I am very pleased that the central theme of my book (Losing Control, Finding Serenity: How the Need to Control Hurts Us and How to Let It Go) about the importance (and benefits) of letting go of excessive control in our lives is resonating with so many people. The book has received very positive reviews (see below) and my many interviews on diverse local, regional, and national radio stations have been lively, educational and at times provocative. It is clear to me that more and more people are recognizing how excessive control–the kind which is primarily triggered by our “unwanted” feelings such as fear, anger, resentment, anxiety, insecurity and the like–significantly harms our lives and those of others.
I am proud to share some of the book reviews.
The very popular blog Positively Present featured an extensive review in March. Here is an edited portion of the review:
“Though I wasn’t sure what I would get out of the book initially, what I found was invaluable information on: how to reduce the control triggers of fear, anger, and resentment; how to make work less stressful and more profitable; how to find (and keep) love and achieve greater intimacy; and how to lessen the struggle with your children and strengthen communication. All of these topics were things I hadn’t really considered in relation to control, but reading Miller’s words really helped me to understand the many ways control plays a part in my life.
Miller offers excellent tips for how to remain aware of our own emotions and feelings. His advice — which I took immediately and started putting into practice in my own life — really does work. Small, simple acts can impact the way you are aware of how you are feeling and Miller’s work has served as a great reminder to me of how important it is to stay focused on what you are experiencing personally in order to control the need to control.
There are a lot of great books out there on self-help and I’m sure many are focused on this very same topic, but the guidance offered by Miller is this book is something I’d recommend to anyone struggling with control issues in his or her life. Even if it’s not you personally struggling with control, a lot can be learned from reading about what it’s like to have issues with control — and how you can help yourself and others cope with these issues.”
The Monthly Aspectarian new age newspaper published the following review in its April edition:
“At work they oversee every detail of every project and expect nothing less than perfection from their coworkers. At home they obsess over finding the “right” person. Then they criticize their lover or spouse for doing everything wrong. As parents they practice zero tolerance for their children’s preferred study practices, choice of friends, dress choices, and differing life views.
Sound familiar? Everyone knows the type: micromanagers, nitpickers, domestic despots. Yet most of us fail to recognize the signs of the compulsion to control in ourselves—or realize the toll of this behavior takes on career, family, friendships, and our own happiness. Losing Control, Finding Serenity pinpoints the dangers of excessive control, which goes far beyond setting limits and standards, in all aspects of life. It shows those of us who feel the pressure to control how to break free and reap unexpected gifts.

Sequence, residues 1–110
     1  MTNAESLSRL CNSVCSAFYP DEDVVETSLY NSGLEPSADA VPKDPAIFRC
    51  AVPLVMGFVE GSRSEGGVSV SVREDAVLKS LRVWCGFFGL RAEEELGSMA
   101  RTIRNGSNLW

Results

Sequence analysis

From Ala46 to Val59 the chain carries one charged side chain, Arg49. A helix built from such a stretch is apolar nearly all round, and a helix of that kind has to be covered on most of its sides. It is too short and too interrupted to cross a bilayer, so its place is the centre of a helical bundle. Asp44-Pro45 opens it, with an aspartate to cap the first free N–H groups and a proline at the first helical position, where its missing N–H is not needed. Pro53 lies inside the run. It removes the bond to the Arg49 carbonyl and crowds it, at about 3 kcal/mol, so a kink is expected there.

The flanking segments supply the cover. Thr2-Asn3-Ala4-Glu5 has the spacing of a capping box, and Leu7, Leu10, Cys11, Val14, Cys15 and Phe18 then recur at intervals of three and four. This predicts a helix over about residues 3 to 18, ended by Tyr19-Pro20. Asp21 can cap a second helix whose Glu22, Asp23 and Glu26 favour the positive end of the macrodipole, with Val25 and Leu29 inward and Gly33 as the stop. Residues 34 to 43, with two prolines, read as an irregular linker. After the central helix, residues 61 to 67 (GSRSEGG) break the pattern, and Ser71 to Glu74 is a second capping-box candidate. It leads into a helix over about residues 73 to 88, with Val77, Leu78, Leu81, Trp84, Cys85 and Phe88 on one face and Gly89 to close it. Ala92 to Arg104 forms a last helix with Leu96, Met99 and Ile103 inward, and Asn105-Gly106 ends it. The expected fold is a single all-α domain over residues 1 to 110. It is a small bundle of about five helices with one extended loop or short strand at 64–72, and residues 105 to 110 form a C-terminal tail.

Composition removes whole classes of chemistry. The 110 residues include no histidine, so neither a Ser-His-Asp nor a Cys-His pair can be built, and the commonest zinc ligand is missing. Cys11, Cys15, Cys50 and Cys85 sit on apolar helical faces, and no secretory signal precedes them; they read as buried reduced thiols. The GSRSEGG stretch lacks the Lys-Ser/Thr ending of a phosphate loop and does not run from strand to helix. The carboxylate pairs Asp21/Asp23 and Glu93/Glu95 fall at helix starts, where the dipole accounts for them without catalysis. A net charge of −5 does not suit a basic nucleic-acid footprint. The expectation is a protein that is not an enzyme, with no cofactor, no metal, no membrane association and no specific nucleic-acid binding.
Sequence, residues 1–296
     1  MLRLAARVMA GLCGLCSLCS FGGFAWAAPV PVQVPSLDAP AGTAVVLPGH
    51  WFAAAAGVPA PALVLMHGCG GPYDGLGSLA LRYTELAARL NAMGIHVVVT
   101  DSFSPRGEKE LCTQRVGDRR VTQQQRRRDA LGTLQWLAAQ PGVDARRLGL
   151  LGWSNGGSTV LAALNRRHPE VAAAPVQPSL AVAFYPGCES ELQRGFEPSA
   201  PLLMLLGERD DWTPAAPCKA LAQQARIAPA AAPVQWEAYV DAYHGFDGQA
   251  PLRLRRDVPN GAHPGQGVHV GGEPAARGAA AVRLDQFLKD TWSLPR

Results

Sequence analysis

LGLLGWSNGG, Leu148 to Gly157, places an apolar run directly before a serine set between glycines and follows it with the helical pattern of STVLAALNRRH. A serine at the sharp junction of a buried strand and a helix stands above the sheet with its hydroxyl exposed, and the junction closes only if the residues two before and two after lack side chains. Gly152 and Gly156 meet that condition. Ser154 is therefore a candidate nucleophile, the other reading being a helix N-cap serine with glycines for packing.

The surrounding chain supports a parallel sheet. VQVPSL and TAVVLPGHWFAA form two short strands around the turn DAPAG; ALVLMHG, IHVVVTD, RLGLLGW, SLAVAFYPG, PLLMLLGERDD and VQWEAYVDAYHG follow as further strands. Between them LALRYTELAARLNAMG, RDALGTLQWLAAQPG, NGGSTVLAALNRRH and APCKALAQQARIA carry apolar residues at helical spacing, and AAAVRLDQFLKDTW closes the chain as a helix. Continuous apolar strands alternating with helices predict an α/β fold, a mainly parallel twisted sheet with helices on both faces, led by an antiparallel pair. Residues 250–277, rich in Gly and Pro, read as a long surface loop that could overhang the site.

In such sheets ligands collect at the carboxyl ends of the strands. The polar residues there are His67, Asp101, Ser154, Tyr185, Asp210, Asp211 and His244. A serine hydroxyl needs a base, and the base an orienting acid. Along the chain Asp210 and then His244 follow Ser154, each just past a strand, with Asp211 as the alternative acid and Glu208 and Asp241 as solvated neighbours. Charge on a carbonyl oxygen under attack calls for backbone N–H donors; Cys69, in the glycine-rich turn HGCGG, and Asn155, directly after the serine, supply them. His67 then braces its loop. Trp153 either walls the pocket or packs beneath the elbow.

Sharing his journey of transformation from up-tight control driven attorney to life-loving person who works less and earns more, Daniel Miller reveals what happened when he finally decided to “surrender”: his blinders fell away, new opportunities emerged, and he experienced unprecedented, profound inner peace. Drawing on psychological insights, spiritual wisdom, and the real-life stories of acknowledged control freaks, he guides us through an honest inventory of our control patterns, leading us to discover this compulsion is provoked by deep-seated fear, anxiety, and insecurity, then aggravated by anger and resentments.
In a chaotic, unpredictable world that’s frequently beyond our control, Losing Control, Finding Serenity offers welcome encouragement and validation for going with the flow of life as it is: an ongoing, ever changing mystery.”
The New Age Retailer, the leading trade magazine for mind, body, and spirit retailers and book stores, published the following review in its just released May edition:
“This is a book about finding balance between control and surrender. It grew out of the author’s personal struggle to manage his life for maximum productivity and profit. As the glittering world he so doggedly built began to collapse around him, he looked for answers and found them in the places where he least expected to. Now he’s passing on the techniques he used to successfully rebuild his career and his life on a firmer, less controlled foundation. Down-to-earth and honest, the book is full of psychological and spiritual insight. It is also full of real world solutions for reconnecting with the natural flow of life and with our personal truth. This book will be terrific for twelve-steppers who are just beginning to work with the program.”
The Impact of Control on Our Lives
I am thus encouraged and motivated to continue writing about the impact of control on our lives and how we can let it go and enjoy the remarkable and unexpected gifts that come our way when you do. I again invite you to join the discourse by letting me know about your own “control” experiences at the Comment portion of this blog.
In the meantime, remember to,
Let It Go–and Accept “What Is!”
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